The Letting Go Project

letting-goAll week long I have been talking to people about letting go after (or during!) divorce.

What holds people back.

What makes it so hard.

Why they cannot seem to move on with their lives.

Two things emerged time and again. 

Grief. Physical & emotional health suffering during divorce

Some people are just at that place. The situation is new. Interestingly, it doesn’t seem to matter who has made the decision to divorce – the grief exists just the same.

Divorce is the death of a dream. The dream of a lifelong partnership with someone you love and who loves you.

Of course you feel conflicted. Of course you feel sad. Even in a relationship you are happy to get out of, you will still have some mixed feelings.

The feelings you have are real. No one wants to be with someone that doesn’t love them the way they deserve to be loved. Even if the break up is unexpected on your part and you are deeply hurt, would you really prefer to stay with that person with this new reality? No.

What you would prefer is for things to go back to how they used to be. Or at least, how you thought they were.

It’s that thought that is causing you sadness.

And if you are the one that decided to leave? You will likely still feel that sense of loss. You got married to that person for a reason. And that reason proved to be untrue.

the-dream-is-overDeath of the dream.

This is a stage of healing, the first stage. If this is where you are, honor it! Don’t wallow but give yourself and the marriage the respect you deserve for feeling let down.

You put your all into it – no one likes to invest everything they’ve got and have no ROI!

Let yourself accept the fact that it didn’t work out. The marriage did not fulfill what you had hoped that it would.

Once you accept what is, you will have a much better chance to move on to what will be.

healthy-boundariesLack of boundaries. 

Here’s where things get a little dicey.

Boundaries with yourself.

Looking at old photos. Reminiscing. Ruminating about what could’ve, should’ve been done. Continued texting, emailing, phone conversations, dinner/coffee.

You are letting yourself stay rooted in the past.

You can say it’s about the kids. Or that you’re trying to support him/her. That you want a friendly divorce. Or that you think maybe this time it will work if you try, yet again.

This is you letting yourself stay focused on what you think you’ve lost. You are trying to drive into your future using your rear view mirror as your guidance system. No wonder you keep crashing!

When you feel tempted to call, text, meet, respond, reminisce – STOP! Do something else. Call someone. Remember why the relationship ended. Focus on your future. Catch yourself when this happens and have a plan.

Don’t let yourself set aside your own boundaries!

Catching yourself when this happens and having a plan to short-circuit the thought process will eventually turn into catching yourself before it even goes down that road.

lack-of-boundariesBoundaries with your ex.

Stop engaging.

Of course you have the essentials that you will need to talk about: kids, property settlement and so on. It needs to end there.

Here’s the thing:

Even if you want to help them, or stay friends, or they just really piss you off, every time you re-engage you let your boundary down.

It’s time to think about you, what you need, and what it’s going to take to heal.

Imagine you have a deep cut on your arm. What do you do? You bandage it, or perhaps even stitch and bandage it.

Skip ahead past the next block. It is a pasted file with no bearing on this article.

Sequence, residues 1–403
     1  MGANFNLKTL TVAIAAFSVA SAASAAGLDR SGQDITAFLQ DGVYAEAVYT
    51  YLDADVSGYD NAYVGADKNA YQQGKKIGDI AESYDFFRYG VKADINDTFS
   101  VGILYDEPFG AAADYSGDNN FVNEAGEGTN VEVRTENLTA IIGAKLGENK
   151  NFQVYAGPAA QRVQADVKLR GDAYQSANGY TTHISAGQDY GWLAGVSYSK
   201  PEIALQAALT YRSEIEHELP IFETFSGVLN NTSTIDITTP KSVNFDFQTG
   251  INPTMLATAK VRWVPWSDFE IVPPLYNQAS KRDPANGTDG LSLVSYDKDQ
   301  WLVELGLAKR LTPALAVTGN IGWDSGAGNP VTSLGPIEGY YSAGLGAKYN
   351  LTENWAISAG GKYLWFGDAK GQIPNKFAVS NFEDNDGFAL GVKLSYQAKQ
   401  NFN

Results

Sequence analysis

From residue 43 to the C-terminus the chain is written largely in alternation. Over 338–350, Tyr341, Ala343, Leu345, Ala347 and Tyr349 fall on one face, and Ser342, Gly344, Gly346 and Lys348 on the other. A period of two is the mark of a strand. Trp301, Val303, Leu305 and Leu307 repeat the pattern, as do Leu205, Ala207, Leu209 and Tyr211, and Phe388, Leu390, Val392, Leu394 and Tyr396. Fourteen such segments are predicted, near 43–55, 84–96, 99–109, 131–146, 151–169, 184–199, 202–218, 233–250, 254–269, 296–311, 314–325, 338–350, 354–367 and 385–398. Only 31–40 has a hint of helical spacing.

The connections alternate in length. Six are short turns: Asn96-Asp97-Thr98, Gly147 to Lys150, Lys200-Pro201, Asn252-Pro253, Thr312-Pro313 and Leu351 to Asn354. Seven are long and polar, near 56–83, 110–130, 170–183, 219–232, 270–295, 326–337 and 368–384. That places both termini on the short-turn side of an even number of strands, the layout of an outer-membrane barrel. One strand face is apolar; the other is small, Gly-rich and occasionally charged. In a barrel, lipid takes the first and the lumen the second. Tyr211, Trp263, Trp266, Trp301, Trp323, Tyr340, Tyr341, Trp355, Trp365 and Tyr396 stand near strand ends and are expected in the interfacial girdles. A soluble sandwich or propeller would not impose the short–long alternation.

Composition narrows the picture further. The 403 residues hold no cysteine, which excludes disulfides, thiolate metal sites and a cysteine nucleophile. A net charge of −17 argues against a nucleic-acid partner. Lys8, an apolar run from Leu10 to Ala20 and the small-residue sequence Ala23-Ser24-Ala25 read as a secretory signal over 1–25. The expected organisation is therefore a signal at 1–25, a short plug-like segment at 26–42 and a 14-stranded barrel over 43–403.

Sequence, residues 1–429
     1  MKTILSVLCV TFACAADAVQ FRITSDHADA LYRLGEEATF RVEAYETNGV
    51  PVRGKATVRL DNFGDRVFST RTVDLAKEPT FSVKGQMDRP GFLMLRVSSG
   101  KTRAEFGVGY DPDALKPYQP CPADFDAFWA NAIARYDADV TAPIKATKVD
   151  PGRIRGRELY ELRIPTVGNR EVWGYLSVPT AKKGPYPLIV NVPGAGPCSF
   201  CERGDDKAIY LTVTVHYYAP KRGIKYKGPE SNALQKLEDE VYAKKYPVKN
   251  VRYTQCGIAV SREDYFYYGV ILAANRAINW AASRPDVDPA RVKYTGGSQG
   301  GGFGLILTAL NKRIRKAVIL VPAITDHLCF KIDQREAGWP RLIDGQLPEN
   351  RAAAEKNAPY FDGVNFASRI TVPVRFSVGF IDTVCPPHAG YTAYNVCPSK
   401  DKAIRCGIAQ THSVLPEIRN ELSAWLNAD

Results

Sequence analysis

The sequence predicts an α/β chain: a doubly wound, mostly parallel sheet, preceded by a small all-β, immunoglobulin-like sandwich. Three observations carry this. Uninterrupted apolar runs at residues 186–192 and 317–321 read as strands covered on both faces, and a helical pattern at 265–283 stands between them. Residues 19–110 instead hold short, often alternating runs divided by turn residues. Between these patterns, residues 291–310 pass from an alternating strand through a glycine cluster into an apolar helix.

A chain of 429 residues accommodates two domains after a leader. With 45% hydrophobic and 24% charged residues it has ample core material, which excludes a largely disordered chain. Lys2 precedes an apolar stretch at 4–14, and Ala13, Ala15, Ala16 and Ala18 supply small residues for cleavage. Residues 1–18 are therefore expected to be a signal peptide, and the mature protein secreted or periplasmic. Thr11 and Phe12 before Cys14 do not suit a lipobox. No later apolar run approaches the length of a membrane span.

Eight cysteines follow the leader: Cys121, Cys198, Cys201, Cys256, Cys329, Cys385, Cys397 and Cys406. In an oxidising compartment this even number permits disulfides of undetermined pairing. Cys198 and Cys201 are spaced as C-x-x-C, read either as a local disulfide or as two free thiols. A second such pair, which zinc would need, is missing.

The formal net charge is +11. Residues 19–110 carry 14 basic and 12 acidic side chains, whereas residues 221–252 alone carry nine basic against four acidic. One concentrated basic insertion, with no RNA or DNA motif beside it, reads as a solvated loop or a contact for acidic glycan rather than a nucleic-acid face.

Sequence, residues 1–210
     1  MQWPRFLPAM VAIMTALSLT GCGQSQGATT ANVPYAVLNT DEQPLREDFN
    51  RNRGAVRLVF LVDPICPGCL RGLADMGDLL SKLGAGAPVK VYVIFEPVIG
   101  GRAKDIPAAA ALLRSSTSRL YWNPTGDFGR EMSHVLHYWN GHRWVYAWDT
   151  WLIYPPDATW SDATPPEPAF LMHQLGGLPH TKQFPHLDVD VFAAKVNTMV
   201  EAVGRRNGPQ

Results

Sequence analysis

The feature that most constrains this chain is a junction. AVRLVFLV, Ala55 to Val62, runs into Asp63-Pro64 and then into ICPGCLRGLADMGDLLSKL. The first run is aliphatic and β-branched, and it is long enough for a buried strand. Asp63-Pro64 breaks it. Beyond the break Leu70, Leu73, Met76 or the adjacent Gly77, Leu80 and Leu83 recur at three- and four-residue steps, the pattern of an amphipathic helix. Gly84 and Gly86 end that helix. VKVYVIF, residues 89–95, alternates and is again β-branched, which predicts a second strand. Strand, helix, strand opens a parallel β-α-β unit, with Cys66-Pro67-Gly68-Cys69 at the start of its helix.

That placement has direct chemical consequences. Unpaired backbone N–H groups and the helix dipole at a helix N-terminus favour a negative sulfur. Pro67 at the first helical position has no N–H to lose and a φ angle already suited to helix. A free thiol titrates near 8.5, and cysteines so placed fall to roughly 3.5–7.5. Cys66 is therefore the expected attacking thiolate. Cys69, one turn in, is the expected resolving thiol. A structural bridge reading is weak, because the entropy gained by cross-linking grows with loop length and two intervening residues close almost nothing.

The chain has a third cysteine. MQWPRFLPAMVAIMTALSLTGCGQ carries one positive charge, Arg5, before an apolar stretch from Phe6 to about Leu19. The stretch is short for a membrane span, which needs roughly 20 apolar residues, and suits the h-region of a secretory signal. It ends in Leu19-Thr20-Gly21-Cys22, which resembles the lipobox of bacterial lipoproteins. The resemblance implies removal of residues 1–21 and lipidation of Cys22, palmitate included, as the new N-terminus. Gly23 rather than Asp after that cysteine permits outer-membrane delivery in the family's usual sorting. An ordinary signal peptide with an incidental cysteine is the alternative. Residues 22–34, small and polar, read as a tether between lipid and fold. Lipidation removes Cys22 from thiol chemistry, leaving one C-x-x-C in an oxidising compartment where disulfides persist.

Why?

You need to create a barrier so the wound can heal. You need to keep out the germs. You need to protect the area so it won’t hurt so much.

What’s going to happen if you take the bandage off? What’s going to happen if you let someone poke the wound with a stick? What if someone you genuinely care about asks you to help them something difficult, which you know will make the wound start bleeding again?

You must take care of your emotional body the same way you would take care of your physical body. You wouldn’t allow someone to rip off your bandage and poke you! You wouldn’t even agree to help someone you care about if it means you will reinjure yourself.

Exercising your right to say no is simply you protecting yourself from harm.

Ignoring your wound and willingly participating in activity that will not only cause you further harm but perhaps open you up to infection and deeper scarring is madness!

I can’t help it. examine-what-you-tolerate

Yes. You can.

You are in a habit of letting yourself think a certain way. You are in a habit of allowing other people to disrespect your boundaries.

This is tough stuff to admit to ourselves. It’s even tougher to break the habit and bring in a new way of thinking and behaving.

Telling yourself that you can’t help it is a way to allow yourself to sit in the victim role. Ugh! Who wants to think of themselves as a victim? Sooo disempowering!

Take control of your own mind! No one can control that but you. 

I’m not saying it’s easy. New habits take practice. Repeated practice. You won’t be perfect at it. You will mess it up.

You will also get back up, dust yourself off, and move on.

Laura

P.S. Did you get everything you needed from this article? No? Maybe it’s time for a little more.

My goal is to meet you where you are and walk with you until you’re ready to set out again. A little strategy goes a long way. Let’s set up a mini-strategy session to get you started!

And don’t forget to grab your FREE Divorce Survival Kit before you go!

 

 

About Laura Aiello

Divorce Strategist & Coach, Author, Speaker, Fitness pro, Yogi, Entrepreneur, Wife, and Mom. If you're facing, in the midst of, or recovering from divorce, I am here to walk with you along the way. Divorce is AN end, but it's not THE end; it's the opportunity of a lifetime!

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